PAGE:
A bottle of white, a bottle of red or perhaps a bottle of... something else instead?
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Wine consumption among Americans is on the decline, according to The Wall Street Journal, citing a study by alcoholic beverage analytics database IWSR, which found that Americans consumed less wine in 2019, ending the consistent rise in consumption since 1994.
Consumption in the U.S. dropped 0.9 percent last year, according to the study. The reason? Millennials are choosing alcoholic beverage alternatives such as hard seltzers while Baby Boomers are laying off the hard stuff, according to the study.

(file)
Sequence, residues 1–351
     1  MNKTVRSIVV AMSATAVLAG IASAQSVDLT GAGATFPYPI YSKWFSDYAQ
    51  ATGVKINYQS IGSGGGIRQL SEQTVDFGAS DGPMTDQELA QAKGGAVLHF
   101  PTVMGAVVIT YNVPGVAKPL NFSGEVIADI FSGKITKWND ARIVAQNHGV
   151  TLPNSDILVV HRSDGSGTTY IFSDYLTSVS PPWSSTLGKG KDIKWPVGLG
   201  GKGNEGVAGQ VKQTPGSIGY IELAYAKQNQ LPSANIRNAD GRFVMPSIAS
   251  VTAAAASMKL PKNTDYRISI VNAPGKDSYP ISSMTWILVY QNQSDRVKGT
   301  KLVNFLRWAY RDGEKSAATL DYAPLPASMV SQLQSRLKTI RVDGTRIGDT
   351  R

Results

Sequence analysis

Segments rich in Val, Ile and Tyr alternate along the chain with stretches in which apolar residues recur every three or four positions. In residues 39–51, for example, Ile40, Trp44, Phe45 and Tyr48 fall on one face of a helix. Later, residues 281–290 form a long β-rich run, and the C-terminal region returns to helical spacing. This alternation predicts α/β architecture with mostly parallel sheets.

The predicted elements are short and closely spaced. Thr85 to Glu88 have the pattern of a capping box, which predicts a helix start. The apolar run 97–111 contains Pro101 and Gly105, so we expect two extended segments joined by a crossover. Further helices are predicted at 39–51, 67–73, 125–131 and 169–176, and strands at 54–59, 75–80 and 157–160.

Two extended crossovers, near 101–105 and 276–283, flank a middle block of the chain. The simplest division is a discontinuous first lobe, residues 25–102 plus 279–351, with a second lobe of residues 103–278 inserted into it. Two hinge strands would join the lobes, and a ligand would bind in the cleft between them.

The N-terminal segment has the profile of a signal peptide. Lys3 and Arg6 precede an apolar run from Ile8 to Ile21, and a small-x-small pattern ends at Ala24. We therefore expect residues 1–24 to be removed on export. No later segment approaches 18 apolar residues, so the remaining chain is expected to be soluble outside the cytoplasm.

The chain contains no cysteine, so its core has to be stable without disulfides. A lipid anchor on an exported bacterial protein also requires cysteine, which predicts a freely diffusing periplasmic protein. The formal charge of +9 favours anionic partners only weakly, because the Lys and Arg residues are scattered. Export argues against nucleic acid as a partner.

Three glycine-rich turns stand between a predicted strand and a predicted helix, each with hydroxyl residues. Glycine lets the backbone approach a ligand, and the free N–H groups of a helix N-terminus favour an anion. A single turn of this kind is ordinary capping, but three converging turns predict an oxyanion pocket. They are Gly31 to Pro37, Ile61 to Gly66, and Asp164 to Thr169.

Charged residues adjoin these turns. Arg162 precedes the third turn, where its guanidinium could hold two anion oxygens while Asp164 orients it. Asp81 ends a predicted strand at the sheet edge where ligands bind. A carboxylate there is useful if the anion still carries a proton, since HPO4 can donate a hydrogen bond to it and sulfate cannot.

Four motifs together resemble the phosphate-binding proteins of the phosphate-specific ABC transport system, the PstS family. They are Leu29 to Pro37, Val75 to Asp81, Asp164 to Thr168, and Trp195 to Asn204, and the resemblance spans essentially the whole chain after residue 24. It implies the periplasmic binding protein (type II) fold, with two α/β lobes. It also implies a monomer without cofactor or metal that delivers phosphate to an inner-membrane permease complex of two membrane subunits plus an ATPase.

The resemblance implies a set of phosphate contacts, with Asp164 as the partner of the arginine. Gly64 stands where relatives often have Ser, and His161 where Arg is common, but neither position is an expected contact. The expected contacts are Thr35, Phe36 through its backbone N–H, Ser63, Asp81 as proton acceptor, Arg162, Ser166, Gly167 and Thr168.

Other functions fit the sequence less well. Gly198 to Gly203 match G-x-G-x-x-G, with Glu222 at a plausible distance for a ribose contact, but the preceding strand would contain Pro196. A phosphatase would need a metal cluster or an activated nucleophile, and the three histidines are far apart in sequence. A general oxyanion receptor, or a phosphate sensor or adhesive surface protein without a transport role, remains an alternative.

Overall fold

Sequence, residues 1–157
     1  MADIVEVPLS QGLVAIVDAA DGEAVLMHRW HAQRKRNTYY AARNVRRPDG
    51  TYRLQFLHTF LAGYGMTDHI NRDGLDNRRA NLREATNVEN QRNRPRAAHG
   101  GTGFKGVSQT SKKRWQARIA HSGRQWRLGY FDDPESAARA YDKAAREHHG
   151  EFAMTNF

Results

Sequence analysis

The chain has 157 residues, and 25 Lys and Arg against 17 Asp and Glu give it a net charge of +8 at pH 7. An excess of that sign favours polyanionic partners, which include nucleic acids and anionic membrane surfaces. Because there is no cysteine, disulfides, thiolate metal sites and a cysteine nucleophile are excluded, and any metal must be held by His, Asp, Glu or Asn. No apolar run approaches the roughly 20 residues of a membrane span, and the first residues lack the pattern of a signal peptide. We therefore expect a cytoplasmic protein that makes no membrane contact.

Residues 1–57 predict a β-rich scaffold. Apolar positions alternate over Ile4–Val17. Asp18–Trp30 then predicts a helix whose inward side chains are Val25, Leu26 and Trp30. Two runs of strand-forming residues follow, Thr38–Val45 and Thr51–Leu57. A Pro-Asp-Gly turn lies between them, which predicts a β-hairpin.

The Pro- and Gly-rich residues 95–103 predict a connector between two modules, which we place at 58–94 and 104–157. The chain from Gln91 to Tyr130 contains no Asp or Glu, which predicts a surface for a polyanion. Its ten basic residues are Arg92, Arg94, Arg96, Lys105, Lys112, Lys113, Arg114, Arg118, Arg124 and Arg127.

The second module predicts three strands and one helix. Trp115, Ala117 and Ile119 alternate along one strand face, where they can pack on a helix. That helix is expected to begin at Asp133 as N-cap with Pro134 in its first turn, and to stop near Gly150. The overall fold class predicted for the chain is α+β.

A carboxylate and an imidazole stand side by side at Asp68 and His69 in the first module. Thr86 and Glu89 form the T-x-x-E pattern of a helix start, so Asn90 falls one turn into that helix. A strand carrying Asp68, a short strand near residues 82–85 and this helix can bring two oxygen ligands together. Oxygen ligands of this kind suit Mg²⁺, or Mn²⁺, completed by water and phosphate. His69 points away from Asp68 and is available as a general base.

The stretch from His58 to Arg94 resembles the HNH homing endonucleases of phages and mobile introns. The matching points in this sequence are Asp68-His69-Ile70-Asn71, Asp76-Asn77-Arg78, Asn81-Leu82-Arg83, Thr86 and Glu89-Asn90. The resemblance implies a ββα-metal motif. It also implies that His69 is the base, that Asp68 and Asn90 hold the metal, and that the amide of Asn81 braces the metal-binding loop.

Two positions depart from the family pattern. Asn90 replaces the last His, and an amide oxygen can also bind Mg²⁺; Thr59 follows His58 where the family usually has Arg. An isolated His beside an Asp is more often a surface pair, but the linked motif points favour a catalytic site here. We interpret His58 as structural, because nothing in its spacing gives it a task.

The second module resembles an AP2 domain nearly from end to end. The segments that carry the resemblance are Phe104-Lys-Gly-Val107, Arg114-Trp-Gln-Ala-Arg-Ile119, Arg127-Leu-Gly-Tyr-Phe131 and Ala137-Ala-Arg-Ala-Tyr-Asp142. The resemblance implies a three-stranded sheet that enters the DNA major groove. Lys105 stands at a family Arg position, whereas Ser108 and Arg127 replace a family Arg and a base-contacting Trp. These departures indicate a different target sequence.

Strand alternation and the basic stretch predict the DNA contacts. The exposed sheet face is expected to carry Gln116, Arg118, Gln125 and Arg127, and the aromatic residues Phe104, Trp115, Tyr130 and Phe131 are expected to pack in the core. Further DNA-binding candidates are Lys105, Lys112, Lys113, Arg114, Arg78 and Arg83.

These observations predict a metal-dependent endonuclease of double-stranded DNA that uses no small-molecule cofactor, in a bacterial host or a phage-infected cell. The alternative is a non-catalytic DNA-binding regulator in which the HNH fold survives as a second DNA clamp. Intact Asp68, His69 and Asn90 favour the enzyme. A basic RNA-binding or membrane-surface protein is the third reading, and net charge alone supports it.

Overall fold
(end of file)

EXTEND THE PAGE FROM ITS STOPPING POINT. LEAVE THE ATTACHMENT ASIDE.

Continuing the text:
“Millennials are just not embracing wine with open arms compared to previous generations,” IWSR Americas COO Brandy Rand told the Journal. “With the rise in low and no-alcohol products and general consumer trends toward health and wellness, wine is in a tough place.”
According to IWSR, baby boomers are drinking less due to lower disposable income and health concerns. And where baby boomers would stick to broad wine or beer drinking, IWSR concluded, millennials choose to drink across varieties.
Despite the decline in consumption, spending on wine in 2019 increased by 1.1 percent to $38.3 billion. The Journal reported that consumers are now paying more for their wine, avoiding $10 bottle bargains.